On March 11th 2020, the World Health Organization (WHO) declared COVID-19 a pandemic. Since then, genomic surveillance has been performed to monitor the circulating lineages and identify the emergence of new SARS-CoV-2 variants, in particular, those of concern (VOC) [1, 2]. In November 2021, the Omicron (B.1.1.529) VOC was identified in South Africa, and it rapidly spread all over the world . B.1.1.529 evolved and is now divided into sublineage BA.1 and two related sublineages BA.2 and BA.3, which share many but not all specific mutations with BA.1, having characteristic constellations of their own . As some other VOCs, SARS-CoV-2 BA.1 and BA.2 share aminoacid substitutions in the spike protein (G339D, S477N, T478K and N501Y) that could enhance binding to human ACE . Some RDB mutations (G496S, A67V, T95I, Del 69-70, Del 143-145 and the insertion EPE between 214-215 position) specific of SARS-CoV-2 BA.1 lineage, are predicted to substantially reduce the protection provided by SARS-CoV-2 vaccines . However, humoral immunity induced by vaccines fails, at a similar extent, to protect against both BA.2 and BA.1 . Moreover, the effective reproduction number of BA.1 is 1.4-fold lower than BA.2, which also reaches higher viral loads in the human nasal epithelial cells .
In November 30th, 2021, SARS-CoV-2 BA.1 was firstly detected in Brazil when Dasa laboratories began screening for its presence by accounting for S-gene target failures (SGTFs) during routine diagnostic PCR testing employing the Covid-19 TaqPath assay from ThermoFisher, as it was done before for the Alpha VOC, since both bear the S:del69/70 that causes the SGTF pattern. Later, in January 2022, SARS-CoV-2 BA.1 became predominant in Brazil while BA.2 was already been described in several countries and apparently spreading faster than BA.1. By January 10th, Omicron already represented 99% of the circulating SARS-COV-2 variants in Brazil. We then started to pay attention in samples without SGTF during the diagnostic PCR testing to screen for the presence of BA.2 variant.
From January 17th to 25th, we identified 47 samples with SGTP (S-Gene Target Positive) and submitted them to next generation sequencing (NGS) using the Illumina COVIDSeq Test on the NovaSeq 6000 equipment (Illumina, CA, USA) (Local Ethical approval – CAAE 45540421.0.0000.5455).
One of these samples, collected in January 19th, 2022, belonging to a 34 years old man, resident of Volta Redonda city, Rio de Janeiro state, was identified as BA.1 lineage using DragenTM Covid Lineage App, with S:Del 69-70. Intriguingly, the TaqPath-based diagnostic PCR testing did not show SGTF (Ct values – N: 19.64; S:23.13; and ORF1ab: 19.35), so we decided to investigate this isolate in more detail.
A maximum likelihood phylogenetic tree including this and other Brazilian sequences sampled in the same period was built using IQTREE2 (iqtree.org). The dataset also included complete genomes of Omicron BA.1, BA.2 and BA.3; Delta and the recombinant XD as references. As expected for recombinant or co- infection resulting consensus genomes, the sample clustered with a long branch and low bootstrap support within BA.1 clade. (Figure A). This sample was deposited in the GISAID database under EPI_ISL_11271349 ID and presented 99.59% of non-N bases with a mean coverage of 2,833. NextClade pointed several labeled private mutations associated to the 21L clade, although the Pango designation assigned it as BA.1 lineage. We analyzed the mutation profile of the reads obtained in the NGS and observed the presence of SARS-Cov-2 BA.1 characteristic mutations in the spike gene (A67V, T95I, Y145D, G496S, T547K, N856K, L981F, del 69-70 and del 142-144), as well as SARS-CoV-2 BA.2 specific mutations (T19I, V213G, S371F, T376A, D405N and R408S) in different proportions, strongly indicating that this sample was not a recombinant BA.1/BA.2, but instead a co-infection of both lineages (Table).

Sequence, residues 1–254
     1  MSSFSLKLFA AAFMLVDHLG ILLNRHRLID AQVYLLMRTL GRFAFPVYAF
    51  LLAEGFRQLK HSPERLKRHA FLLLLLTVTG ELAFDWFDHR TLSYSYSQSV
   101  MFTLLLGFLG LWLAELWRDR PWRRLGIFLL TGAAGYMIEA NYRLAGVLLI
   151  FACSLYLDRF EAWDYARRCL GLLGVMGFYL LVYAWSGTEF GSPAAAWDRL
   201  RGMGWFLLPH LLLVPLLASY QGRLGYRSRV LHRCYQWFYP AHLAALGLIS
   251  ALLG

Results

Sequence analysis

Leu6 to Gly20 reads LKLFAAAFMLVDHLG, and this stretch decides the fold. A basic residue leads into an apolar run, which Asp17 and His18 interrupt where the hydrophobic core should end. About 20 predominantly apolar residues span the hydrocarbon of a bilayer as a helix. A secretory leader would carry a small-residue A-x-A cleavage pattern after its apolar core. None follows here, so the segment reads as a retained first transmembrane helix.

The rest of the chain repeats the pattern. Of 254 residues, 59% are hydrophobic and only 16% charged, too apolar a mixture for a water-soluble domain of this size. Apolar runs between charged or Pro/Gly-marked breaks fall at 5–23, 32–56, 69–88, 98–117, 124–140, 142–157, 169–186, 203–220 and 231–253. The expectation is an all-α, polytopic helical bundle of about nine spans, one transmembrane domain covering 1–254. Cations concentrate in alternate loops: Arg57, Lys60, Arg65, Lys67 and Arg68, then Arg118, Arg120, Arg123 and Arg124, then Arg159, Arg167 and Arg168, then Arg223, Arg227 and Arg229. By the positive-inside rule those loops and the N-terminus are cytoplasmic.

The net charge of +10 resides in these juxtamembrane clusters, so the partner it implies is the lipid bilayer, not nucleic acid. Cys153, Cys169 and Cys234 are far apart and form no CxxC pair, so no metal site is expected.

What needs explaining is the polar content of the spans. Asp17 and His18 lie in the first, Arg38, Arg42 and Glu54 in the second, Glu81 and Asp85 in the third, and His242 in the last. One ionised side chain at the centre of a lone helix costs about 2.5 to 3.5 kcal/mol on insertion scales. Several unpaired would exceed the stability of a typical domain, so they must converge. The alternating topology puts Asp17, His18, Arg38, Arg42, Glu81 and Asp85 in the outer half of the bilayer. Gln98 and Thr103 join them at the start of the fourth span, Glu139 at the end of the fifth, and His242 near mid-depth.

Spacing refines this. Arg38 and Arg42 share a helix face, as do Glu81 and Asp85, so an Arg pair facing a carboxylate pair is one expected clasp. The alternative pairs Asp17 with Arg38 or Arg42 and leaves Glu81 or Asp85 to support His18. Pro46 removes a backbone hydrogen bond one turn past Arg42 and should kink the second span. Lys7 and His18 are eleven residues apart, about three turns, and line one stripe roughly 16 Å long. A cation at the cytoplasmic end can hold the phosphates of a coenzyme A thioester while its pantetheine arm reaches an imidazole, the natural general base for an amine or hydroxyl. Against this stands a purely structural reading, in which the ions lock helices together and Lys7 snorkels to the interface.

Figure B illustrates the mix present in the regions 21765-21770 and 21633-21641 where SARS-CoV-2 BA.1 and BA.2 are expected to have deletions, respectively. To confirm the observation, we performed an RT-PCR using specific probes to the del 69-70 and wild type detection and both variants were amplified. Unfortunately, most samples sent to us to SARS-COV-2 surveillance do not have associated clinical data such as vaccination history.
Previous co-infections with SARS-CoV-2 sublineages have been reported [7–10]. However, this is the first report of BA.1 and BA.2 sublineages co-infection that we have noticed. The SARS-Cov-2 variants co-infection should be monitored since it is a sine qua non condition to the emergency of recombinant viruses. Unfortunately, SARS-CoV-2 genomic surveillance is not ideal in many countries and rare events like these are likely unnoticed. Also, the standard bioinformatics protocols using DragenTM Covid Lineage App and the absence of a detailed phylogenetic or visual inspection in all genomes generated do not allow the clear detection of putative recombinants (as happened to the “Deltacron”) or mixed-infections. Therefore, the number of co-infections with different SARS-CoV-2 sublineages is certainly underestimated.